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Talk of Taliban take over "frightening" : report

Talk of Taliban take over "frightening" : report

Author: PTI
Publication: The Pioneer
Date: May 3, 2009
URL: http://www.dailypioneer.com/173667/Talk-of-Taliban-take-over-frightening-report.html

Battle lines have been drawn between the Pakistani army and the Islamist rebels as talk of the Taliban taking over the trouble-torn country now seems to be "really frightening", a media report said today.

In a detailed despatch from Rustam in Pakistan's North West Frontier Province, the 'Sunday Times' observed that the roads were filled with refugees, fleeing from the marauding Talibans.

According to the report, in Islamabad, middle-class Pakistanis have "been waking up to the possibility that wild gunmen from the hills could soon be as much a part of daily life as the suicide bombers everyone fears."

"Nobody really expects the Taliban to march into Islamabad any time soon. But since they invaded Buner, the possibility appears real," the report said.

It said "talk of the Taliban taking over Pakistan once seemed fantastical. Now it is genuinely frightening."

The report said it was only after US Secretary of State Hillary Clinton castigated the "weak government" of President Asif Ali Zardari the action against militants was taken.

Many Pakistanis have drawn the conclusion that the army's soldiers, bearded and deeply religious, sympathise with their enemy.

In Rustam, a flyblown trading town, all but a handful of shops were padlocked and shuttered. A patrol of eight police commandos were lounging in the centre of the town, carefully spread out so they did not present bunched up target for a suicide bomber.

Citing an instance of Taliban atrocity, the report said: "First the strutting Taliban gunmen demanded USD 800 a month from 18-year-old Fawad ali, a dry fruit businessman.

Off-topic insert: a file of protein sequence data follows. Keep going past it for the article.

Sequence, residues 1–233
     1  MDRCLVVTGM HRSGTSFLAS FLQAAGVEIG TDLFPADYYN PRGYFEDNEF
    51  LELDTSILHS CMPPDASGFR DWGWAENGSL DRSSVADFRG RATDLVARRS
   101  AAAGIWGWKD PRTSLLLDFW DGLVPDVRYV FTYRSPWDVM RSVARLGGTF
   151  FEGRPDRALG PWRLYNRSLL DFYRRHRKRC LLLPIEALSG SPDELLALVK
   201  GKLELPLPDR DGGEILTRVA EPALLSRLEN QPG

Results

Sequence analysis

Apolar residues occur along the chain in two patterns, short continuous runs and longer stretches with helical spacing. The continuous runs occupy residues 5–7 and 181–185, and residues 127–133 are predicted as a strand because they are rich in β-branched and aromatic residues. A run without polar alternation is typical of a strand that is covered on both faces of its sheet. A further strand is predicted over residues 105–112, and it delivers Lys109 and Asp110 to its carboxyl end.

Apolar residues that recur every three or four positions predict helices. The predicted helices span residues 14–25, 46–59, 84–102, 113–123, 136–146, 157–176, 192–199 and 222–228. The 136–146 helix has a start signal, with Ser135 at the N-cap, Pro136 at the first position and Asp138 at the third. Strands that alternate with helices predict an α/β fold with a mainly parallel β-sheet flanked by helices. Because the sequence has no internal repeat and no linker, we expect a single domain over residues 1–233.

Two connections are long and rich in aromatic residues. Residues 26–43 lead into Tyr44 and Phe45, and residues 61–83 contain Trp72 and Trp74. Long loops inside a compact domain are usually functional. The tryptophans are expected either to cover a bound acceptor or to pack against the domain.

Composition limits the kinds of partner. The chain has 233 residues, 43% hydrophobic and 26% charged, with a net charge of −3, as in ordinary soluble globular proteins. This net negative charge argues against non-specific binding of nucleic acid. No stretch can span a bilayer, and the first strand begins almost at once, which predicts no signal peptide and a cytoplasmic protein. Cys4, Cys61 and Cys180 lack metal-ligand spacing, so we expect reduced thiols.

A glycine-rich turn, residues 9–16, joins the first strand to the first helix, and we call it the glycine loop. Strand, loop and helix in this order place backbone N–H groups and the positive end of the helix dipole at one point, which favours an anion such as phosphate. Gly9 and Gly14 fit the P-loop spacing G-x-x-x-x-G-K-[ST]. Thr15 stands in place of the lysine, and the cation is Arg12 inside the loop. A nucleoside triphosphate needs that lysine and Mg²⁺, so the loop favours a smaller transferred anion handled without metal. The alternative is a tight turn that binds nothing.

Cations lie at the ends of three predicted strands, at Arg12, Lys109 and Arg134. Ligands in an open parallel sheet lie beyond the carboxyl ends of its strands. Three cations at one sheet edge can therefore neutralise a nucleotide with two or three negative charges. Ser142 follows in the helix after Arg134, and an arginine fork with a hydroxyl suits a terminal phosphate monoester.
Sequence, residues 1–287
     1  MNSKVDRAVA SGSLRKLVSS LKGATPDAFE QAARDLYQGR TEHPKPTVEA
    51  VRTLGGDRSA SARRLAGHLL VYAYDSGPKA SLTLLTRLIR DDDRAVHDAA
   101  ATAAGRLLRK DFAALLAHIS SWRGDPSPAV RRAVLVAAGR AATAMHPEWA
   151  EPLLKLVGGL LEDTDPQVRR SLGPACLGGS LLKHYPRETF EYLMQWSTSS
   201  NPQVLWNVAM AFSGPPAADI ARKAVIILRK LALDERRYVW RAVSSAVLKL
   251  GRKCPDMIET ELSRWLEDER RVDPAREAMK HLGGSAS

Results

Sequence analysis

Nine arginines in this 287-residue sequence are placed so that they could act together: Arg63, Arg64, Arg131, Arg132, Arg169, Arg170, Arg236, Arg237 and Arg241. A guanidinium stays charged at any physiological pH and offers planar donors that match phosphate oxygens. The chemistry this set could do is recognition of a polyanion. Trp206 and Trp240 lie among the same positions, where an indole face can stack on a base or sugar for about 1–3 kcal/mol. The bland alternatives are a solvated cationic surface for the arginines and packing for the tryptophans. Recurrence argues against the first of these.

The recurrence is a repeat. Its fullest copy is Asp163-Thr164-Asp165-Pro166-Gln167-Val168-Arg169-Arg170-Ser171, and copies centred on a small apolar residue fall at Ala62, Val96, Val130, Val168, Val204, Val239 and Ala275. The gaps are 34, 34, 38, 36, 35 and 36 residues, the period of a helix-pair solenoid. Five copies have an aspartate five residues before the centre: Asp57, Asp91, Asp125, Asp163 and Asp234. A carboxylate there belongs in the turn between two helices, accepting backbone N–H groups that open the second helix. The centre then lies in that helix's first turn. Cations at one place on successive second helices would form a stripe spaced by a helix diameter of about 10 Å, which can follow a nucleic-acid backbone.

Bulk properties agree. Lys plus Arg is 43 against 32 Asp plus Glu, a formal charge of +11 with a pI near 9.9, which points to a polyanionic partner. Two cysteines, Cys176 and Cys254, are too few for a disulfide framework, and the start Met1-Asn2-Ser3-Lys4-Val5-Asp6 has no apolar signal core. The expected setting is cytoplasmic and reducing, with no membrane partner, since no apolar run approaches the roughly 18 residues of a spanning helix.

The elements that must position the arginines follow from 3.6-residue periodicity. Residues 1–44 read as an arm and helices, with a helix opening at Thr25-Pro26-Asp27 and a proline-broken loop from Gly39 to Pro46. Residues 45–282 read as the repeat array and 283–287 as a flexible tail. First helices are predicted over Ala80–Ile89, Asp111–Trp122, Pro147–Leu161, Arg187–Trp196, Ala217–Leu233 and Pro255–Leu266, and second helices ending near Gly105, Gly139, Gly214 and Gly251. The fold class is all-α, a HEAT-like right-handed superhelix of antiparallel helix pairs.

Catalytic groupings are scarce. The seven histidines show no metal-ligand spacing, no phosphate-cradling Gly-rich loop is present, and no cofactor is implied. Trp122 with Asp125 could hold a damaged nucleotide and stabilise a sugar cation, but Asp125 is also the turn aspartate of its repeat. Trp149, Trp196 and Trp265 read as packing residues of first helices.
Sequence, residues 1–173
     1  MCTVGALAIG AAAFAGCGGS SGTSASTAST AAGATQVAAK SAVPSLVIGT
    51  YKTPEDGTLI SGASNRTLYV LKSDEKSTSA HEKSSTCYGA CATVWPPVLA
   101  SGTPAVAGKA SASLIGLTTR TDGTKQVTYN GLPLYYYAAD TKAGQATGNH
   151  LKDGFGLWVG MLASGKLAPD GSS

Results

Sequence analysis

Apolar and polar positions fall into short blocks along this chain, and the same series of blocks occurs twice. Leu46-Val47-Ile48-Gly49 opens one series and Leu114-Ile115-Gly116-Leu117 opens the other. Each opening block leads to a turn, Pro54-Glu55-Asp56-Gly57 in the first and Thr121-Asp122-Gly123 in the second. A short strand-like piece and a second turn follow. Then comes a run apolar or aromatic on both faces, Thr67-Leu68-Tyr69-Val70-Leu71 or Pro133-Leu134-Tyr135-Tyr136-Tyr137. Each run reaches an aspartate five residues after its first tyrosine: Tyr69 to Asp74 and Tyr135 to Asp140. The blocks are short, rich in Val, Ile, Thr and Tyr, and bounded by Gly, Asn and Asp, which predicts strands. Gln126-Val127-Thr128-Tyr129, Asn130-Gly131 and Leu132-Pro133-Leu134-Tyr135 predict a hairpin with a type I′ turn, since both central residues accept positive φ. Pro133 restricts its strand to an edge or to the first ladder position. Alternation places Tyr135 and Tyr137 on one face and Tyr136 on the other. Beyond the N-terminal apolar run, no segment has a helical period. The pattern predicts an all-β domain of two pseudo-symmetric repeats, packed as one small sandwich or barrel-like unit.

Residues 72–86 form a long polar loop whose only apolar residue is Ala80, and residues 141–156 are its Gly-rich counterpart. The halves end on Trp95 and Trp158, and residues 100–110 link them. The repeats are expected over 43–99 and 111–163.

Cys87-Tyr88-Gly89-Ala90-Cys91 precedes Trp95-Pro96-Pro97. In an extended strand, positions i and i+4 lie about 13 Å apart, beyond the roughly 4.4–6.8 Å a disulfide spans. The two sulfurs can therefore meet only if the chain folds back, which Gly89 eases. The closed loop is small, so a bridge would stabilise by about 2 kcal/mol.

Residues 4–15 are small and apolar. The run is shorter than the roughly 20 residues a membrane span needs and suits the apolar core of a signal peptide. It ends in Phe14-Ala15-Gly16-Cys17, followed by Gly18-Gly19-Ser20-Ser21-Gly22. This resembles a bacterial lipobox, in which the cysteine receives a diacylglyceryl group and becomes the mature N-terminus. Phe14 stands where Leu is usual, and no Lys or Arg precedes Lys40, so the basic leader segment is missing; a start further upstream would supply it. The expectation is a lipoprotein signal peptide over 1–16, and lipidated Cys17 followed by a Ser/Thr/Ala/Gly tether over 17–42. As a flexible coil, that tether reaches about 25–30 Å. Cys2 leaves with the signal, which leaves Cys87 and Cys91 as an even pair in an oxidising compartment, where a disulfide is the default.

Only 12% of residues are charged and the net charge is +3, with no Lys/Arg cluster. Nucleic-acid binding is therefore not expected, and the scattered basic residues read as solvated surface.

"Then when they had drained the business of cash they decided to make a bloody example of his two young uncles who could no longer pay.

"They took Aminullah and Sajjar away to the outskirts of the village and there they beheaded them," Ali told the newspaper. "Afterwards they threw the bodies in the river.

"We have run from Swat to this new place. But now the Taliban have nearly caught up with us again."

After leaving Swat, escaping through Buner valley, the family arrived at a village near the town of Swabi, where they rented a house with what was left of their savings.

But then the Taliban advanced to within 35km of Ali's new home. Now they seem poised to spread into the fertile farmlands that lie between them and the capital Islamabad, only about 60 km away, the report said.

Ali said his family has suffered not just at the hands of Taliban but also of Pakistani security forces.

He lost 11 of his relatives in Swat in an army bombardment, unleashed after a bogus tip-off that Taliban fighters were hiding in their home.

A few days later another nine members of his extended family died, caught in crossfire while trying to escape fighting. The survivors fled, as more than half a million have in Pakistan, to become refugees in their own land.

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